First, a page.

History of Southern Virginia University

The corporate entity that is now Southern Virginia University has existed since 1867 and has gone through several transformations. Alice Scott Chandler established the Home School for Girls in Bowling Green, Virginia, in 1867. The school was later renamed the Bowling Green Female Seminary. Near the turn of the 20th century, Dr. Edgar H. Rowe relocated the school to its current location in Buena Vista, Virginia, and renamed the school Southern Seminary. In 1924, the school expanded to add a junior college program and its name was changed to Southern Seminary and Junior College. In 1996, declining enrollments and a deteriorating financial base led the Commission on Colleges of the Southern Association of Colleges and Schools to revoke Southern Virginia College’s accreditation. The college’s trustees announced the institution’s closure effective May 1996.

Less than one month before the college would have closed, a private group of individual members of The Church of Jesus Christ of Latter-day Saints offered to keep Southern Virginia College open. This group formed a new Board of Trustees and transformed Southern Virginia College into a four-year liberal arts college. In February 2001, the college received permission from the State Council of Higher Education for Virginia (SCHEV) to change its name to Southern Virginia University.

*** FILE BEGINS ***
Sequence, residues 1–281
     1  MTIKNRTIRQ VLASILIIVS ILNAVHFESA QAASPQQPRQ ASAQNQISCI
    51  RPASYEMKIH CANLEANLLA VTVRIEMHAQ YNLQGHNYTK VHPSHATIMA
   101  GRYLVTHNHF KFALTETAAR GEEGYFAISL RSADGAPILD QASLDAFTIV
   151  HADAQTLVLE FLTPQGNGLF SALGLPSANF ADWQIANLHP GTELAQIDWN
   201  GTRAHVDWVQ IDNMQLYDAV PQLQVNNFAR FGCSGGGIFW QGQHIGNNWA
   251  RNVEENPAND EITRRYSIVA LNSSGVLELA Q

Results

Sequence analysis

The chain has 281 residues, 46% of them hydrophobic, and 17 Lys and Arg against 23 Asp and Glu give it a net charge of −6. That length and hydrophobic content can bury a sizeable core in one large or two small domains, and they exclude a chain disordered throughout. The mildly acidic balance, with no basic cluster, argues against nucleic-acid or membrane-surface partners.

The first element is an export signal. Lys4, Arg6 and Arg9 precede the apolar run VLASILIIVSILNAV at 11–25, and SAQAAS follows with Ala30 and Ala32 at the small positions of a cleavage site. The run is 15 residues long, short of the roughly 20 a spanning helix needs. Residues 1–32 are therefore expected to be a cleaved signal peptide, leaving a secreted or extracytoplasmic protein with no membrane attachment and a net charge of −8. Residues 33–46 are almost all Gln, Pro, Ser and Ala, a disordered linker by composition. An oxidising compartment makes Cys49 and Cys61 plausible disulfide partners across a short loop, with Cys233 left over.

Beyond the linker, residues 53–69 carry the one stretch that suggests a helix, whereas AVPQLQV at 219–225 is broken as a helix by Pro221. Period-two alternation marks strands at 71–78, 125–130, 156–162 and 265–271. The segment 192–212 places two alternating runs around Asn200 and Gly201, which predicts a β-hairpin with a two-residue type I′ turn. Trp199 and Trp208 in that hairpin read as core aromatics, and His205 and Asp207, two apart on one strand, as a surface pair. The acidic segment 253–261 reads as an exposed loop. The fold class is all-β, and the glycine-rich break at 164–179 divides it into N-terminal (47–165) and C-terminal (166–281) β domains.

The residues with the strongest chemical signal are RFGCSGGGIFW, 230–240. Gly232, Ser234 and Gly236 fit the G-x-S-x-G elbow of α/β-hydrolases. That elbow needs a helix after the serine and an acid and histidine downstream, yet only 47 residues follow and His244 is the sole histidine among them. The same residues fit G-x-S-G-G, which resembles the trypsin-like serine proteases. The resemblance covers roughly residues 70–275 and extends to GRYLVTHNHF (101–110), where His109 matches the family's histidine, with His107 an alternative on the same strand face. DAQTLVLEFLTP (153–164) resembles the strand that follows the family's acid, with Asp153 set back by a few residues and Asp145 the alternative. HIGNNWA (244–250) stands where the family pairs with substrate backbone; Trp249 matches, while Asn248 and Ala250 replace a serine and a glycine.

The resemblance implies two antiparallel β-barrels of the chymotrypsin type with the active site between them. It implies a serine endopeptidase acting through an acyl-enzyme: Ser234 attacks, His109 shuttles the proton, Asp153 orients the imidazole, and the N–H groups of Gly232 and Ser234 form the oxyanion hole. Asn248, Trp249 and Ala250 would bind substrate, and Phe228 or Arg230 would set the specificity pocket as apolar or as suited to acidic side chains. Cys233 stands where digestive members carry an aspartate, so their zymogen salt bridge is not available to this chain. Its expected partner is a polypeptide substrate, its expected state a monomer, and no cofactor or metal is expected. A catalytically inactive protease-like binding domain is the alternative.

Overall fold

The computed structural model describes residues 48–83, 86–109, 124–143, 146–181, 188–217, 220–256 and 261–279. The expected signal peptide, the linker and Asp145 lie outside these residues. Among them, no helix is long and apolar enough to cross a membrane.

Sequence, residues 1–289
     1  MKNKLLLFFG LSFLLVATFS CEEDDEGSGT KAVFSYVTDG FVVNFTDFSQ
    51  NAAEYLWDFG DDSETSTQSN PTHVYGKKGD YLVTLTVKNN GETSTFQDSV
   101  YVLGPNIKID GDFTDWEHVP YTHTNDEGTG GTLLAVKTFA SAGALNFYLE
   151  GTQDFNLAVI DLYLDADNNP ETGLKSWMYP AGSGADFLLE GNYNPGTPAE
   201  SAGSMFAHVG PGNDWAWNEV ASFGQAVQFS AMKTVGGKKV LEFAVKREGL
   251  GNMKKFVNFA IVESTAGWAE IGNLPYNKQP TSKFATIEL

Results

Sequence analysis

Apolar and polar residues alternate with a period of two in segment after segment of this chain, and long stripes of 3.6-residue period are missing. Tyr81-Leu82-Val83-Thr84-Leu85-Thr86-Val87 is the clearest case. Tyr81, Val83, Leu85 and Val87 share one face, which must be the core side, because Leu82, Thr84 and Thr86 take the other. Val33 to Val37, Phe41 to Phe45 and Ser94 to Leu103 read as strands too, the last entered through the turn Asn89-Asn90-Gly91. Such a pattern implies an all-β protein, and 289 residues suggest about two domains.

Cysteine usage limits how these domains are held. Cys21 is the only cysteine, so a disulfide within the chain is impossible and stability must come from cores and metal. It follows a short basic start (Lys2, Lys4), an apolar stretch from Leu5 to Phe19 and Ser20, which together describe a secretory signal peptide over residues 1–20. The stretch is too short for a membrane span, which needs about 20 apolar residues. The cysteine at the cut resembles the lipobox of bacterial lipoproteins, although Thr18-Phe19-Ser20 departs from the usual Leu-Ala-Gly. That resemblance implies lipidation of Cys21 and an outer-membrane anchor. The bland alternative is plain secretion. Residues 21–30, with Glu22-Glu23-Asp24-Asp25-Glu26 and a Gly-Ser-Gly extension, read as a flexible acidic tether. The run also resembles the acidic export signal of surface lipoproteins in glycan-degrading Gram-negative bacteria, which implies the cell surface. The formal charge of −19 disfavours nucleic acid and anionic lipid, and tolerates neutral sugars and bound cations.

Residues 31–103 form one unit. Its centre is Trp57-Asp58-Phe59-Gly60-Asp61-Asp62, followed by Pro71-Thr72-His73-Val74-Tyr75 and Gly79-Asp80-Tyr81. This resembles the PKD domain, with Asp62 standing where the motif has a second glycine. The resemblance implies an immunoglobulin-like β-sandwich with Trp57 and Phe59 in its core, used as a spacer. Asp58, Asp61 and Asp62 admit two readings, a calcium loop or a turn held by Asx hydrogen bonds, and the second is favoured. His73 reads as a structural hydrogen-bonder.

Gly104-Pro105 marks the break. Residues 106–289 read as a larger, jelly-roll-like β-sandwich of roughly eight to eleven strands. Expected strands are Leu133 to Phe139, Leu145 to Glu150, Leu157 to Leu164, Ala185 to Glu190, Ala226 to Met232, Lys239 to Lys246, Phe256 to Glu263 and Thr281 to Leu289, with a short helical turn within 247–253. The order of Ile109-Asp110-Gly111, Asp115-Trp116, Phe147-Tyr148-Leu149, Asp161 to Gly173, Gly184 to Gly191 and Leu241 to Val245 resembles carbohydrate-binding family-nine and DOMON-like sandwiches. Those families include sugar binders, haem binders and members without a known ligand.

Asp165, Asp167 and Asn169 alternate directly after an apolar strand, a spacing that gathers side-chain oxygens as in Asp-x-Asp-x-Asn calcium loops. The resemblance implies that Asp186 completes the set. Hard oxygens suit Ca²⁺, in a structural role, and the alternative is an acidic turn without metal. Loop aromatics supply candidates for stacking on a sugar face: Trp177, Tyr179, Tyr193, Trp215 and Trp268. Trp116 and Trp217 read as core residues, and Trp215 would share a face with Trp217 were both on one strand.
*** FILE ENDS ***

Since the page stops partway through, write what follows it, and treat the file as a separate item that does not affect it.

In June 2010 SACSCOC awarded Southern Virginia initial candidacy for regional accreditation for two years. In June 2012 SACSCOC granted full accreditation to the university, retroactive to January 1, 2012.

Southern Virginia University is the only independent liberal arts college designed to meet the educational and spiritual needs of members of The Church of Jesus Christ of Latter-day Saints (LDS Church). Unlike other institutions of higher learning that serve the Latter-day Saint community (e.g., Brigham Young University), Southern Virginia not owned or governed by the LDS Church. Southern Virginia prepares its graduates for leadership and service by providing a rigorous undergraduate education in letters, arts, and sciences. It provides a rich core curriculum that focuses on great artistic, literary, philosophical, political, scientific and social achievements. Core courses emphasize careful writing, critical thinking, and analytic reasoning. All Southern Virginia students are required to participate in laboratory science, to demonstrate competence in mathematics, and to show intermediate proficiency in a second language. The Core provides a foundation for 13 major programs authorized by the State Council of Higher Education for Virginia.